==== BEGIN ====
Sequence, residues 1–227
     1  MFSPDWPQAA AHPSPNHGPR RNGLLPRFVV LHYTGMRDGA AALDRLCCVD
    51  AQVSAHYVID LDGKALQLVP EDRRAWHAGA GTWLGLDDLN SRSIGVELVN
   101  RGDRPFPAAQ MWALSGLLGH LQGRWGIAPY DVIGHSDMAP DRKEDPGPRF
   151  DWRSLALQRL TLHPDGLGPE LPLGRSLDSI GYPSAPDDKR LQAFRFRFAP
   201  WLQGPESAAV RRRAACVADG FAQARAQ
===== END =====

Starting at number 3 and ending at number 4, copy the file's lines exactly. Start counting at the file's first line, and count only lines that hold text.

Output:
    51  AQVSAHYVID LDGKALQLVP EDRRAWHAGA GTWLGLDDLN SRSIGVELVN
   101  RGDRPFPAAQ MWALSGLLGH LQGRWGIAPY DVIGHSDMAP DRKEDPGPRF